1970’s “Identified” was the first episode of the TV series UFO. The series was helmed by Gerry and Sylvia Anderson, with Reg Hill. The episode was written by the Andersons and Tony Barwick and directed by Gerry Anderson. Unlike previous Anderson efforts, characters were portrayed not by puppets, but by live actors.
Humanity has incontrovertible proof that aliens have discovered Earth and are taking a close interest in humans. This interest outs itself whenever the aliens notice humans noticing them; the luckless humans are killed. One such attack on a highly placed colonel (played by Ed Bishop) moves the top powers of the day (US, USSR, etc.) to adopt a new strategy: secrecy. They’ll form a task force that will covertly investigate the aliens.
Ten years later…
In the groovy far-off future of 1980, the Supreme Headquarters Alien Defence Organisation (SHADO for short) has bases across Earth, under the sea, in orbit, and on the moon. The headquarters, SHADO HQ, is hidden under the Harlington-Straker film studio. The Straker in Harlington-Straker is none other than Col. Straker (who escaped the assassination attempt that prompted SHADO). He’s posing as a simple movie producer.
The UFOs travel at tremendous speed. SHADO has developed ultronic detectors that should allow SHADO spacecraft to intercept intruders. The first ultronics rig and its inventor Col. Virginia Lake (Wanda Ventham) have to be ferried from the US to Harlington-Straker Studios. The plane is piloted by smarmy Lothario Col. Alec E. Freeman (George Sewell).
No sooner does Freeman’s SST take off for the UK than SHADO’s early warning system SID detects a UFO on its way towards Earth. The Lunar-based interceptors fail to destroy the UFO, which is far too fast for them. Once in the atmosphere, however, the alien vessel has to slow down, which gives submarine-based aircraft Sky One a chance to shoot the vessel down. Once in the ocean, the vessel breaks up. Its pilot survives … for a while.
Close examination of the dying pilot reveals much about its species, including the reason for their interest in humans. We are, it seems, a convenient source of spare parts for an ancient and dying race.
This was the only episode of UFO I ever saw1. As a kid, I loved the Anderson series Stingray, Thunderbirds, Captain Scarlet, and Joe 90. (All of those were supermarionation [puppet] shows.) I should have been an avid fan of UFO. But, if I recall correctly, when this show first aired in Canada it was on air just a bit later than I was allowed to stay up. I think I must have seen one episode, a re-run, much later. I remembered bits and pieces when I watched it again, recently.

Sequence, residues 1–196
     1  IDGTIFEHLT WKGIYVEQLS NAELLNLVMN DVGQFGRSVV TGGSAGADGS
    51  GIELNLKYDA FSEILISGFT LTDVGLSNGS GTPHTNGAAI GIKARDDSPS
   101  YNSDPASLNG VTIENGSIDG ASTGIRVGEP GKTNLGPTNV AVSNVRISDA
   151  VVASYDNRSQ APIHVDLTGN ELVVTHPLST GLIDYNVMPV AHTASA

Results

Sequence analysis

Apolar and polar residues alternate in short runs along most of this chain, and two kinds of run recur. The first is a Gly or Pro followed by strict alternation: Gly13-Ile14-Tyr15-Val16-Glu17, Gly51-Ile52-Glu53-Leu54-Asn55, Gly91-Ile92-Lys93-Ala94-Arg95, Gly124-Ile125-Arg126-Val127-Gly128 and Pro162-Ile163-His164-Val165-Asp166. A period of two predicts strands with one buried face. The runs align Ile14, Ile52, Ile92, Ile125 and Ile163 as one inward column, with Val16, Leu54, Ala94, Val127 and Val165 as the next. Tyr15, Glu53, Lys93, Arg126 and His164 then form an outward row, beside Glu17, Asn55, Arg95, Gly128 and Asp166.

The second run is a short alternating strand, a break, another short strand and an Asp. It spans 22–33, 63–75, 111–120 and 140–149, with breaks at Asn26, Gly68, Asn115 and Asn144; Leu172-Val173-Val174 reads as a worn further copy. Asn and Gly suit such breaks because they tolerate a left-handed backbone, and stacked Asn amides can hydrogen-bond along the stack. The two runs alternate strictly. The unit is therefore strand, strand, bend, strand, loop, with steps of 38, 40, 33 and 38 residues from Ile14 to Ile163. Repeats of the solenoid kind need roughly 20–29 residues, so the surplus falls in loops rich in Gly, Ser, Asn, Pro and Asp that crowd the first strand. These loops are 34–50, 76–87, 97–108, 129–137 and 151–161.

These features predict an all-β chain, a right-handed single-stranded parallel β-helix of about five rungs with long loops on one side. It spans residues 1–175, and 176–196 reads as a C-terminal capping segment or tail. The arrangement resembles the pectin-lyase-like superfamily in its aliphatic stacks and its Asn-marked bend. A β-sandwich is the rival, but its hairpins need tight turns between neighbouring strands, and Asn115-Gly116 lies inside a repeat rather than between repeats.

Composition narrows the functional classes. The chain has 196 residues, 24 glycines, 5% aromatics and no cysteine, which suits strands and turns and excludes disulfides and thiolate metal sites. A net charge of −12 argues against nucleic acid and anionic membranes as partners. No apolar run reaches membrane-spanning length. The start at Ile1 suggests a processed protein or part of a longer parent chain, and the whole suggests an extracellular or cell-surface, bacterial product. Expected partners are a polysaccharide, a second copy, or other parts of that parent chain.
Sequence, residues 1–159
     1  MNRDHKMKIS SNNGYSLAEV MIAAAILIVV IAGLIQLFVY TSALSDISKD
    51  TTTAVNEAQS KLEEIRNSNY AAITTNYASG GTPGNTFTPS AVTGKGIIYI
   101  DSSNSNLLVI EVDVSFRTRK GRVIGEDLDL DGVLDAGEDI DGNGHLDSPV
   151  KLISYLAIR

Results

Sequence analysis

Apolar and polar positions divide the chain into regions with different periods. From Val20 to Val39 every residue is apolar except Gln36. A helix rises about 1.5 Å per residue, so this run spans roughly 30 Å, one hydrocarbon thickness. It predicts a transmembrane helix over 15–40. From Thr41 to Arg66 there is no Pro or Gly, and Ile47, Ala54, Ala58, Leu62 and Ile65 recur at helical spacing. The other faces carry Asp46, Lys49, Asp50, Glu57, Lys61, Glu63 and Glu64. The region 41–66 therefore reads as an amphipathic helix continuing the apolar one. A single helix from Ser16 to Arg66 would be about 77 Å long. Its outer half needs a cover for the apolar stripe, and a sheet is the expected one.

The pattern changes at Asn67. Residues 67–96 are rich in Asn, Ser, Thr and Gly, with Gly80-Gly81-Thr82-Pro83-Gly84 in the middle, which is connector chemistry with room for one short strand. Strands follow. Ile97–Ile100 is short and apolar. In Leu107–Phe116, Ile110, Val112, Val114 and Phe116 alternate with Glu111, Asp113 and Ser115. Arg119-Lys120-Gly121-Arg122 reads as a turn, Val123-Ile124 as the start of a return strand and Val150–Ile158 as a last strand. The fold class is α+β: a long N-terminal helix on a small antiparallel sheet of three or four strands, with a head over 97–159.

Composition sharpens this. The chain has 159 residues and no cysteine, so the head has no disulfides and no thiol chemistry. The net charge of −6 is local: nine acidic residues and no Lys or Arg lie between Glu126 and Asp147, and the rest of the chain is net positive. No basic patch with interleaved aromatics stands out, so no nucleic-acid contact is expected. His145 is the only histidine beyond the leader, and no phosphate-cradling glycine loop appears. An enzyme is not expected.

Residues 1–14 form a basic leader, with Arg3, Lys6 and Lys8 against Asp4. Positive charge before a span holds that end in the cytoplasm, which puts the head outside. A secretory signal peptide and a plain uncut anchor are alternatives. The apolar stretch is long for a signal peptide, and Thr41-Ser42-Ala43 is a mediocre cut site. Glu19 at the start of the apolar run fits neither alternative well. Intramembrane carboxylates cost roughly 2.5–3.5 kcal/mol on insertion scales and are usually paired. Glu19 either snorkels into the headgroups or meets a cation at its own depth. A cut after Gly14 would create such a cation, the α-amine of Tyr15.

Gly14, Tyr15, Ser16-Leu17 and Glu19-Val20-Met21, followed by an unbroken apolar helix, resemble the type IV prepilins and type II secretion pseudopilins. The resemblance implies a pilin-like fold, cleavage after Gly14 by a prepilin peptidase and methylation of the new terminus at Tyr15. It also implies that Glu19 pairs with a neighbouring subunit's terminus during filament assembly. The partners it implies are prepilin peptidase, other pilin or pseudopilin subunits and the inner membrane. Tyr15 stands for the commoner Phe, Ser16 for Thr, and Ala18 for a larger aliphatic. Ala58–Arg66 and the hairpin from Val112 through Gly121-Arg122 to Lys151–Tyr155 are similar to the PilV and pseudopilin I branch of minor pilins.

The settings are … some good and some so-so. When it comes to little plastic models the Andersons have your back. They crafted detailed models of vehicles (aircraft, spacecraft, submarines) and buildings (a moon base). Filmed as from a distance, those work. The interiors are obviously soundstages but they’re at least colourful.
The scripts? Composed of the very best recycled trope and extruded TV product.
The cast is surprisingly diverse for a half-century-old show. There are a fair number of female staffers in SHADO; they get to do stuff that matters. They can be technicians and operatives.
On the other hand, the cameraperson (probably cameraman) has a serious interest in women’s bottoms. Even the title credits were filmed in Male-Gaze-o-Vision…
And on the gripping hand, there’s that creepy pilot, who makes passes at every woman he meets. Not that he is ever successful, unless his goal is to inspire discomfort and disdain in his victims.
Biology: How can it be that aliens and humans are tissue compatible?
Secrecy: It may be that the aliens can detect Freeman’s plane is because (as far as I can tell) SHADO sends all radio messages in the clear. Freeman’s plane is also emblazoned with a SHADO-derived logo. Perhaps secret organizations should avoid slapping their name on stuff?
Now, it may have been a trap for the aliens. If so, it worked quite well.
I can’t speak for the whole series, but based on just a reviewing of this first episode, UFO is definitely better than Space 1999. Which is to damn with faint praise. I don’t think I’ll be tracking down the rest of the episodes. This will doubtless displease UFO anoraks (if there are any) but … too many shows, not enough time.
“Identified” is available on YouTube for some unfathomable reason.
- I should track down some episodes of Search to see how that venerable SF show has aged. Search, for those of you too young to remember it, was about a hi-tech detective agency using ubiquitous, reliable communications devices.